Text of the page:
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(For those that don’t know about AONT (all-or-nothing transform): this is a very nice and useful construct, which basically implies that one needs the entire ciphertext in order to recover any of the plaintext. It is used in RSA as OAEP. Practical example: damaging only a small part of the ciphertext renders everything unusable.)

So, I’ve found many mentions about AONT constructs that work with block ciphers; however I haven’t found any constructs that use a stream cipher. Thus, has anyone stumbled upon such a construct using stream ciphers?

Granted, a stream cipher can always be converted into a block cipher, and in fact many stream ciphers are actually based block ciphers (like Salsa20). However many cryptographic libraries offer only a “stream API”, and thus why I’m searching for such a construct.


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    (I’m writing this as a reply, so it can be discussed independent of the other threads that might pop-up.)

    Although I’m not a cryptographer or security engineer, I thought of the following scheme and would like to ask for feedback:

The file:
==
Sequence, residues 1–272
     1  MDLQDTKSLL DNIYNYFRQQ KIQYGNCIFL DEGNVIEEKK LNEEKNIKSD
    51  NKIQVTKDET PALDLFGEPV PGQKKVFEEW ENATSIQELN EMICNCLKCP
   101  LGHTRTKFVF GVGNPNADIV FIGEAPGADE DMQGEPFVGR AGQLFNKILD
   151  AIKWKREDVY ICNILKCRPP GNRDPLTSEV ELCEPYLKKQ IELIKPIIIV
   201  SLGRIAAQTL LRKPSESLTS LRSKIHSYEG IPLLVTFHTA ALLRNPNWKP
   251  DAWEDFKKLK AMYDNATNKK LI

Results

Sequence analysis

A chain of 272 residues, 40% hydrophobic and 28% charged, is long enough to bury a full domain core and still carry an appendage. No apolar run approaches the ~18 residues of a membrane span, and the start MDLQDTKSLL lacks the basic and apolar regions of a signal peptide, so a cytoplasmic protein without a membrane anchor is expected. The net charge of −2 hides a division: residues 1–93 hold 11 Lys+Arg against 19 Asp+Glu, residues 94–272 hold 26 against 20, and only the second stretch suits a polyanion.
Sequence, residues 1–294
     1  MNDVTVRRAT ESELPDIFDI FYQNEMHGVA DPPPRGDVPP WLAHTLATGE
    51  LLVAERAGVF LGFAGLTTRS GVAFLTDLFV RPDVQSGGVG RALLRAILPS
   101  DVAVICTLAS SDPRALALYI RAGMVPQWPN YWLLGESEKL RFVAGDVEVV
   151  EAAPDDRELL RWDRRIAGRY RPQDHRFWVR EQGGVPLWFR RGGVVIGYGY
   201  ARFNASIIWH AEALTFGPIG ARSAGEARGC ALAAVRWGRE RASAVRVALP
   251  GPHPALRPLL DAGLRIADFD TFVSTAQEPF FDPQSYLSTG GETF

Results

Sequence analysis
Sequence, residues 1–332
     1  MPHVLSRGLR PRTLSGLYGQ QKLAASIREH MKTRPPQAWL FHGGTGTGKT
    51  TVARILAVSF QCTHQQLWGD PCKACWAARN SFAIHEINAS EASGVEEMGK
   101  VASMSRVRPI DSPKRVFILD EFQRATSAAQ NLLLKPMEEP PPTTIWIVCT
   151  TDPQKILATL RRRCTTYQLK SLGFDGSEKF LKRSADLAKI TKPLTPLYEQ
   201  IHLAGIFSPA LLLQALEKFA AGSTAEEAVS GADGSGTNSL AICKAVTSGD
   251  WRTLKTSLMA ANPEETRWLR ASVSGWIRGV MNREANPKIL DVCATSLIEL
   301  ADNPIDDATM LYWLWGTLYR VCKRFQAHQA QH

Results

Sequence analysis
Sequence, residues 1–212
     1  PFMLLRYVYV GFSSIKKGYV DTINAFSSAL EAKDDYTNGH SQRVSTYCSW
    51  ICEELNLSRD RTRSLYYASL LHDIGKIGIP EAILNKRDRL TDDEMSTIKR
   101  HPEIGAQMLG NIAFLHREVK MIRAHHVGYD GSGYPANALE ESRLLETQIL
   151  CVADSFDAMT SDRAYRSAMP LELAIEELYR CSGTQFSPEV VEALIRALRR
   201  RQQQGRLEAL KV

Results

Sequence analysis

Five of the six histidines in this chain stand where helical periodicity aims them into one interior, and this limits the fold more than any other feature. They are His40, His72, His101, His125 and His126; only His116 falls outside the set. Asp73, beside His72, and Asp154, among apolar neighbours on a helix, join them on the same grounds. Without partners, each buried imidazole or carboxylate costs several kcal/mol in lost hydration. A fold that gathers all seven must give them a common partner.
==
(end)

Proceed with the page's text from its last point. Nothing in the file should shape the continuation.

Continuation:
• m – the message to be AONT-ed; (perhaps padded to hide the length;)
    • s – generate a random salt (of n bytes);
    • E(k, d) / D(k, e) – let these be encryption / decryption functions from a stream cipher; (let’s assume these don’t require a nonce, because if the key is random, the nonce can be constant;)
    • H(x) – let it be a hash function (of n bytes);
    • e = E(s, m); sx = s^H(e); o = e || sx – the output is o; namely apply encryption over m with the key s; take the hash of this and XOR’it with s; let the output be the encrypted part (e) concatenated with the XOR’ed salt (sx);
    • to reverse, just split the encrypted part form the XOR’ed salt (e || sx = o), compute the hash of the encrypted part (eh = H(e)), de-XOR the salt (s = sx^eh), and finally apply the decryption with the salt (m = D(s, e))

    Now, this construct isn’t actually encryption (since everything one needs to know is part of the output). However I do believe it’s a AONT construct, because if one changes even a single bit of the output (swap, remove, add), that would propagate to the salt (via hashing) which in turn would propagate to the decryption, thus resulting in completely mangled output.

    Then I think this can be extended to any authenticated-encryption scheme that uses nonces (like for example anything based on Salsa20/XSalsa20) by just XOR-ing the nonce with the hash of the output of the encryption.